First I want to congratulate myself that my prediction two weeks ago
that Winston Peters and NZ First would choose to do with Labour has proved correct.
Of course, when there are only two choices the chances are quite high of being correct.
However, it was a judgement, not a guess. I tried to put myself into the shoes of Winston Peters, the politician and party leader, and think like I thought he actually would – not as I wanted him to think.
I am glad I have been proved right.
In the short term at least there is more chance of squeezing some small concessions in some areas that will advance the position of the low paid workers that I represent.
In particular, we want to push the minimum wage up from just over half the average wage to two-thirds of the average wage which is about $20 an hour in today’s dollars. Winston has said he wants that number to be reached by the end of the first three-year term. Labour and the Green’s both also officially support the goal of two-thirds of the average wage although Labour had the escape clause of “if economic conditions permit”. There is a good chance we will be close to that number within three years.
The current level of the minimum wage is $15.75 an hour. To go up to $20 an hour in three years is an increase of $4.25 or $1.42 an hour each year. That is almost double the 75 cents an hour increase being promised by Labour in the first year. Let us hope a more ambitious goal becomes part of the deal that has been done with NZ First and the Greens.
The other changes I think the union movement should concentrate on are those that strengthen our ability to organise working people.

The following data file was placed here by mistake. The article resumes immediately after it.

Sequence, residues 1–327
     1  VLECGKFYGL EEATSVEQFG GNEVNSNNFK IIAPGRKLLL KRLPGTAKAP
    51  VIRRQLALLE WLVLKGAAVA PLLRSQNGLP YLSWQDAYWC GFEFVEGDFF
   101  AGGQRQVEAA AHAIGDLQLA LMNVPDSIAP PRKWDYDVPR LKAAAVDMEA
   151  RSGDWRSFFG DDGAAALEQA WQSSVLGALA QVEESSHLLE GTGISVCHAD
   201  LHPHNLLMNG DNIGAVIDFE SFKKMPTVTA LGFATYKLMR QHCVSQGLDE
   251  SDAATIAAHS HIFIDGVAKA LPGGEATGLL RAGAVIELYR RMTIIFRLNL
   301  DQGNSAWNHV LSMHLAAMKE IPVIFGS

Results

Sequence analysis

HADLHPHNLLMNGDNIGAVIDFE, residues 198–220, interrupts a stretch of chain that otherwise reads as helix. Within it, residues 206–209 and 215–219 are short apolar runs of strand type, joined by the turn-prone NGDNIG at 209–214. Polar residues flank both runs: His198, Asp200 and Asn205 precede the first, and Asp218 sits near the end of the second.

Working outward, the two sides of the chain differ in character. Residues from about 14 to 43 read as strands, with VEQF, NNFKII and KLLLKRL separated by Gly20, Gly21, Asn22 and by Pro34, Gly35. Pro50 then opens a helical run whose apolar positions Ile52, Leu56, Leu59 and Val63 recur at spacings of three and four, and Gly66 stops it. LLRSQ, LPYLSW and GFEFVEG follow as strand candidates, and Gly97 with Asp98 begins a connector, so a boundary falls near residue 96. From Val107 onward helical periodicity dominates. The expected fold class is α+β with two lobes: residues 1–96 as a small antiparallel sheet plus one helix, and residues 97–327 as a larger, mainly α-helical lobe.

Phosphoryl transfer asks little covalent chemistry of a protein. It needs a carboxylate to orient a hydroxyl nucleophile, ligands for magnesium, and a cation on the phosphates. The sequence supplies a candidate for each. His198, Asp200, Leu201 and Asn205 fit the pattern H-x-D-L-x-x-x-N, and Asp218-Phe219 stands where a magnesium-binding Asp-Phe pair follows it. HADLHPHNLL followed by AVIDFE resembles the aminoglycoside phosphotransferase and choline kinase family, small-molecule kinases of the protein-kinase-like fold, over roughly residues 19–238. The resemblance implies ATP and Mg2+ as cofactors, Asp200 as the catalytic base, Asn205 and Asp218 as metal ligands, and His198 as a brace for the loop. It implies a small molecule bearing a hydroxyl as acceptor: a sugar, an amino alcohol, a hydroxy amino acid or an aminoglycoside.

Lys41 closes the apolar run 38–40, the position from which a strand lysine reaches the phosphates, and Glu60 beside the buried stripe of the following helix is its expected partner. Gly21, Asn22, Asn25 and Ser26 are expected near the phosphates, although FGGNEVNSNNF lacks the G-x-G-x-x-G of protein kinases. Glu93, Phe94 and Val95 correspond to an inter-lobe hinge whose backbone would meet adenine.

It was one of the mad failures of the nine-years of the last Labour-led government that union membership density as a percentage of the working class was lower at the end than the beginning. The changes to industrial and other laws were too inconsequential to allow unions to grow easily – especially in the private sector which covers fewer than 10% of the private sector workforce. The goal should be to double or treble that percentage.
To do that we need tools t allow us to do the job more effectively. Much of the current policy Labour has put forward in the industrial relations sphere is simply rolling back the negative changes made by National. This is welcome but insufficient. As I said no real progress was made under the old regime before those changes so more needs to be done.
I am not sure that the policy of Labour for new “Industry Standards” will do that. This may establish better minimum employment standards in certain industries but I want changes that help strengthen unions to do that job.
I have sixteen simple and practical actions based on Unite Union’s organising experience that could be done easily and quickly that would make our work a hell of a lot easier. They are “reasonable” in the sense that right-wingers would find it hard to argue against them. I know that with these changes unions could organise hundreds of thousands more workers into unions and they could use their collective power to significantly improve their lives.
Some small changes that we could use to rebuild working class power in Aotearoa/NZ
1) All employees should have a clear choice to join a collective agreement and the union when being employed by a company where a collective agreement exists. This needs to be a single form that all employees must complete that is an “either/or” option. If the employee elects to become a union member the employer must process the form as a membership application and deduct fees. The employer must also forward the employee’s contact details to the relevant union. Where there is no collective agreement employees should have the choice of applying to join a union that is responsible for that industry. Application forms should be forwarded to the appropriate union.